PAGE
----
In the past, s***housery—a football term for devious and ugly foul play turned it into a stripped-down sideshow. On Friday and into the wee hours of Saturday, he was the protagonist of the apartment building. Amid the turmoil that followed the end of the shootout, after other Argentine players rubbed defeat into the faces of broken opponents, Messi sought out the Dutch coaches and raised his right hand, snapping four fingers together in a talking motion, taunting them.
Shortly after this collision, during a TV interview, he saw Dutch striker Wout Weghorst walking by. What are you looking at, bobo? he barked, using the Spanish word for fool.
Messi was celebrating wildly, his main energy was more joyful than relieved. He spoke to reporters kindly and intelligibly, like the whole tournament. Now he’s a stone’s throw away from the semi-finals against Croatia who beat him four years ago in Russia, and who are likely to grab him, break him, and hack him like the Dutch did. And perhaps the Croats will talk too. If so, so much the better.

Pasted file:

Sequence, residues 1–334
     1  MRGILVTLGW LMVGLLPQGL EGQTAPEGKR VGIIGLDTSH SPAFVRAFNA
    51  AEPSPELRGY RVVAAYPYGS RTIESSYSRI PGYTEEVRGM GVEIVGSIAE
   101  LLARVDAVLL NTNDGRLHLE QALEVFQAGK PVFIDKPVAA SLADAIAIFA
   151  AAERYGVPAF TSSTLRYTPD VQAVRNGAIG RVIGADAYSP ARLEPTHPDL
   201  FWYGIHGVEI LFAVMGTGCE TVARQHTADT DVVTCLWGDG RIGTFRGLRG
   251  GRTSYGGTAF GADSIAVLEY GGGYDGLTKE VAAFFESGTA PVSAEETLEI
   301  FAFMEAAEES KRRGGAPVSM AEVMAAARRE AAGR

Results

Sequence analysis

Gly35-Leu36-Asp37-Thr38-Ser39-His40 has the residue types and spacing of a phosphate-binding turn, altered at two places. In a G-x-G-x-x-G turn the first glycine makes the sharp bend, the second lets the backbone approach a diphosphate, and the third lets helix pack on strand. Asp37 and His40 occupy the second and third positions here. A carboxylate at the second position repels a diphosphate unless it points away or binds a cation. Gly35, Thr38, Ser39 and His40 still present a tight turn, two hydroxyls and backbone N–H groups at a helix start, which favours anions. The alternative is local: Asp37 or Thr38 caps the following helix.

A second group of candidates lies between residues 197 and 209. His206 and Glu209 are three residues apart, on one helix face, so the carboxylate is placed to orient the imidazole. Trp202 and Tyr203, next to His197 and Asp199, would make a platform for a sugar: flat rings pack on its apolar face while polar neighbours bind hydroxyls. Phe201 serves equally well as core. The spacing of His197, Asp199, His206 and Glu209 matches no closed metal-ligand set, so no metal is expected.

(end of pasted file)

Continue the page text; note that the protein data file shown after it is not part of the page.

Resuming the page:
“I think Leo felt a bit attacked, Argentina coach Lionel Scaloni said after Friday’s game. And [he] has demonstrated that he is the best of all time.”
Josip Juranovic blanks Celtic transfer exit as Croatia star sends warning to Lionel Messi and Argentina
The right-back club are back in the Premier League this week, but their focus is on the top prize in Qatar. Josip Juranovic avoids any talk of his future as he sets about making more special Football World Cup memories with Croatia.
The Celtic star prepares for the semi-final against Argentina on Tuesday night in Qatar. Djuranovich received huge praise after his performance against Brazil when his team eliminated the favorites before the tournament in the final eight stage. The 27-year-old is generating interest from across Europe as Celtic’s raid to sign Canadian star Alistair Johnston opens the door to a potential move in January.
But right now, Đuranović is only looking at the game’s biggest prize, as he said, Honestly, I haven’t read what has been written since we arrived. We’re just focused on the national team. I even told my agent not to send me anything, it doesn’t interest me at all now. I want to do something for myself, my future sons and daughters, I want to tell them the story of what we have done and be proud of them.